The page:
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The "Housing Economy" and Housing Insecurity in Canada Open Access


Other title
housing insecurity
Canada's housing system
Canadian housing policy
Type of item
Degree grantor
University of Alberta
Author or creator
Loptson, Kristjana, AB
Supervisor and department
Patten, Steve (Political Science)
Examining committee member and department
Hulchanski, J. David (Social Work)
Kahane, David (Political Science)
Garber, Judy (Political Science)
Collins, Damian (Geography)
Patten, Steve (Political Science)
Department of Political Science

Date accepted
Graduation date
2017-11:Fall 2017
Doctor of Philosophy
Degree level
This dissertation situates Canada’s housing system, and the policy framework that shapes it, within a broad political economy context in order to understand the evolving nature of housing in the country. The study is motivated by a concern about the social implications of rampant housing insecurity, which occurs when households cannot access, or have only insecure access to adequate housing. Housing insecurity manifests in a range of ways and is reflected in the high number of people presently experiencing or at risk of homelessness; in the low rental vacancy rates in many cities; in the number of evictions occurring due to rent arrears; in long social housing waiting lists; and in shelter costs that are, across the country, unmanageably high for many households. I contend that identifying and understanding the barriers preventing effective policy responses to housing insecurity requires a careful analysis of Canada's complex housing system, including appreciating how profoundly important housing assets have become to Canada’s economy. Homeownership has come to serve as a crucial financial instrument, and this political economic reality has transformed the meaning of housing tenure and seriously constrained housing policy options. A core contention of this dissertation is that as Canada's housing system has evolved, the Canadian economy has increasingly developed into a “housing economy”— a term I use to describe a paradigm of economic growth characterized by a highly financialized housing system in which a substantial proportion of the country’s wealth and debt are generated and stored. Key features of Canada’s housing economy include a growing rate of homeownership, an expansion of credit collateralized by housing assets, debt-fuelled consumer spending that is tied to home values, low interest rates, housing speculation, and increasing mortgage securitization. The deep integration of housing and the financial sector have transformed how Canada’s housing system is governed today; housing policy has become deeply integrated with, and made increasingly subservient to, macroeconomic objectives. As Canada’s housing economy has developed, so has an extensive network of people with deeply entrenched interests in maintaining high residential property values, and this makes Canada’s housing policy framework and, thus, housing insecurity, politically intractable. I demonstrate that the increased significance of residential real estate to the Canadian economy has greatly limited the types of housing policies that are viewed to be economically desirable and politically implementable, and conclude that this has weakened the willingness and capacity of elected officials to effectively address housing insecurity. Until Canadian governments — particularly the national government — acts to delink housing from the financial system, housing policies aimed at reducing housing insecurity will not be effective.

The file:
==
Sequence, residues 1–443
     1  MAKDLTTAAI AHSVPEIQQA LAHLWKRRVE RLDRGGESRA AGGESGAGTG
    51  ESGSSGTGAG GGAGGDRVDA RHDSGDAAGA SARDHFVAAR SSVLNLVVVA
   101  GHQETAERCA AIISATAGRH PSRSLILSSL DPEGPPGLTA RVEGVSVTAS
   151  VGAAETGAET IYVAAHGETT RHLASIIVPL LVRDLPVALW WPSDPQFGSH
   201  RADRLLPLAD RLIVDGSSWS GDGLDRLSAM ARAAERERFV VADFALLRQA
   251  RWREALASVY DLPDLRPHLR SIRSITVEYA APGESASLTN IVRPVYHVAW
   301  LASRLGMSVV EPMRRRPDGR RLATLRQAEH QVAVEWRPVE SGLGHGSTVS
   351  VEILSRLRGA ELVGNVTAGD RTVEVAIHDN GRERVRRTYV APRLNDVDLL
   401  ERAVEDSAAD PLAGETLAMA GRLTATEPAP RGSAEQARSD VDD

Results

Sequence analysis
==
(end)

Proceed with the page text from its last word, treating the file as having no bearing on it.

This thesis is made available by the University of Alberta Libraries with permission of the copyright owner solely for the purpose of private, scholarly or scientific research. This thesis, or any portion thereof, may not otherwise be copied or reproduced without the written consent of the copyright owner, except to the extent permitted by Canadian copyright law.
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